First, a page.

Imagine New York City gripped by demonstrations occurring every week or even every single day. And at those rallies are seasoned activists, but also individuals moved to act in the face of intolerable injustice. These protestors wield signs stamped “my body, my choice.” They are lifelong New Yorkers chanting “hell no, we won’t go” in the face of development and gentrification. Or they are students from the City University of New York (CUNY) standing up to budget cuts to the institution.
This picture is of New York almost two decades ago. If the descriptions ring true in the present, it is because issues of freedom of choice, public education, LGBTQ rights, gentrification, and racism—among many others—still animate activists across the political spectrum today.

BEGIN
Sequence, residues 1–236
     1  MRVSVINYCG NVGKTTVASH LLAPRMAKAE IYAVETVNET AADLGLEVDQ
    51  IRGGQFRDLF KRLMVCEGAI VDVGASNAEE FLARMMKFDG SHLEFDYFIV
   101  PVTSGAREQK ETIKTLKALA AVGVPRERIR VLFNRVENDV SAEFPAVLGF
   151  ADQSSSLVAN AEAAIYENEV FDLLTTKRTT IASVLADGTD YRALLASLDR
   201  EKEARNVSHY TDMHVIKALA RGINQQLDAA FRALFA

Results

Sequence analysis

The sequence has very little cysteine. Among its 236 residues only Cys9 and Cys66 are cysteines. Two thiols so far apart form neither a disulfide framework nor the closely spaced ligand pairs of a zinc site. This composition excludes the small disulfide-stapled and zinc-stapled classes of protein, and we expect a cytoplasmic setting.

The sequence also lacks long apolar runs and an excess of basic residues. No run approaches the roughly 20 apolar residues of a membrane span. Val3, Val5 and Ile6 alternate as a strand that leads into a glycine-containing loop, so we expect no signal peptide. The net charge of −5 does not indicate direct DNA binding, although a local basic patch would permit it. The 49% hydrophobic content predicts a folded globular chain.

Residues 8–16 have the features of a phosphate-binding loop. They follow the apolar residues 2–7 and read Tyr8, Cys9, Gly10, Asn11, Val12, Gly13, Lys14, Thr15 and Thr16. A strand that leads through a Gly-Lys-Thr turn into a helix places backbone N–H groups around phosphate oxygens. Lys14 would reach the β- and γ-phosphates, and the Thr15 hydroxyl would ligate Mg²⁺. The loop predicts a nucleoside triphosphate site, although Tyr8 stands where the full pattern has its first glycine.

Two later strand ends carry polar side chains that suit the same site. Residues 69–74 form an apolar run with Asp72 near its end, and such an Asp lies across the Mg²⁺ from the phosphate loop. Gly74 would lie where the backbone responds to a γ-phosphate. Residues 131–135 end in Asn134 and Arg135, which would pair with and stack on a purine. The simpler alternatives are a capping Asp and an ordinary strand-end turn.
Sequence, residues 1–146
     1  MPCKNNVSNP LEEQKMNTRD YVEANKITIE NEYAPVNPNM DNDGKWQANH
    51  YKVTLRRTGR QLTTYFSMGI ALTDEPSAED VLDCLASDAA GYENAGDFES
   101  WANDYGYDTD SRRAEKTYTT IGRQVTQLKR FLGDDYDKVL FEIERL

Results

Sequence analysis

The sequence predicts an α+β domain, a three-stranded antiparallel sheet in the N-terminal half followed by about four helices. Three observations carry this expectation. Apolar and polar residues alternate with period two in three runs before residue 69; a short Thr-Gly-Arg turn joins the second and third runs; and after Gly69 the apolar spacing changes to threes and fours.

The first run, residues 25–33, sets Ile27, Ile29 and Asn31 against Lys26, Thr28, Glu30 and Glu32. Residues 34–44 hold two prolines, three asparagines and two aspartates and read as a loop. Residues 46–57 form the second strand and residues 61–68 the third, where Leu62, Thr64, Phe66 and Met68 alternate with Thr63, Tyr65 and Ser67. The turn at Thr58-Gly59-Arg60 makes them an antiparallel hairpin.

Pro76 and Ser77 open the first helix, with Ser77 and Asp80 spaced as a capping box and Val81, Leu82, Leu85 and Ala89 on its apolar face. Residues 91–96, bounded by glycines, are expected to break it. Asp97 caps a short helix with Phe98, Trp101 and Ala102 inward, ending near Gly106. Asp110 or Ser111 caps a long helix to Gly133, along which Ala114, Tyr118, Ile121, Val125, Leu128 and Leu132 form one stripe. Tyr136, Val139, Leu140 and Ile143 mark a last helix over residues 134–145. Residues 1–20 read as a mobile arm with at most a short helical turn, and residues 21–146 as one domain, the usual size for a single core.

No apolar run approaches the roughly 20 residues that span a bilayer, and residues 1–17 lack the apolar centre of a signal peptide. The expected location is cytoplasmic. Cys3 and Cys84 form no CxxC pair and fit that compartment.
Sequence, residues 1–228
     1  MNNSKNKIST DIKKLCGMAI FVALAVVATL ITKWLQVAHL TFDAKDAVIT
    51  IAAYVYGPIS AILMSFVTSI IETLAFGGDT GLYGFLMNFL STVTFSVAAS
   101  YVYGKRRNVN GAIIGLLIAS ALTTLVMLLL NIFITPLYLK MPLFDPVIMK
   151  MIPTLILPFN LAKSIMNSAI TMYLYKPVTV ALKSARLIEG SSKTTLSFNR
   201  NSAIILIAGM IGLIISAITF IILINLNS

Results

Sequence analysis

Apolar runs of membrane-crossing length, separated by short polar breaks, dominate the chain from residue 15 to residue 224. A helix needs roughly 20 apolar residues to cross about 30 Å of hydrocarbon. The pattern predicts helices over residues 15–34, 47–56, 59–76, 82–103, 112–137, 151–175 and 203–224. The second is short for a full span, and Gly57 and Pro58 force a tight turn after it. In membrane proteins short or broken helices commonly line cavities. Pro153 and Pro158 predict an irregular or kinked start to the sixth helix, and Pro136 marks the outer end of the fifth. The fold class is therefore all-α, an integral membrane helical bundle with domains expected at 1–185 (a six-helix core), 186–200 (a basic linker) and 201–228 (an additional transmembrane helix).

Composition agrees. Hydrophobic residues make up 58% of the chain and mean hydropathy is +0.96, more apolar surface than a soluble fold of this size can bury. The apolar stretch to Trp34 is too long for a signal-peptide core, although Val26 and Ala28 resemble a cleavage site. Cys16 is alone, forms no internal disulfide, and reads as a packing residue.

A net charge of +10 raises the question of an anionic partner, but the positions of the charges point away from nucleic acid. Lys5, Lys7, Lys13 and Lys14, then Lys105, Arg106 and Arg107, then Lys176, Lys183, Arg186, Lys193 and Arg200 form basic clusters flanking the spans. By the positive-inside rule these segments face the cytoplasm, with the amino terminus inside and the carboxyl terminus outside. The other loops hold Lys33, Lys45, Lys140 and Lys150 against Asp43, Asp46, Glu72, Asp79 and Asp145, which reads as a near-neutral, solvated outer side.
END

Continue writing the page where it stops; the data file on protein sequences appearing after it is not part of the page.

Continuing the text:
An exhibition at the Bronx Documentary Center
(BCD), titled “Whose Streets? Our Streets! New York City: 1980–2000
,” brings together the work of 38 photographers (some of them who were also activists) whose dramatic images captured the struggles of this era in New York. They are required viewing for those who feel compelled by contemporary politics to step into the streets and make their voices heard.
“I’ve always felt good journalism and good information is the foundation of our democracy,” said co-curator and BDC co-founder Michael Kamber, who witnessed and photographed many of the protests firsthand. The show organizes the photographs into different themes, including protests over police brutality, AIDS, abortion rights, and culture wars—events that have been largely obscured by history. Today, they’re reminder of how bad things can get, and how people can come together to fight back.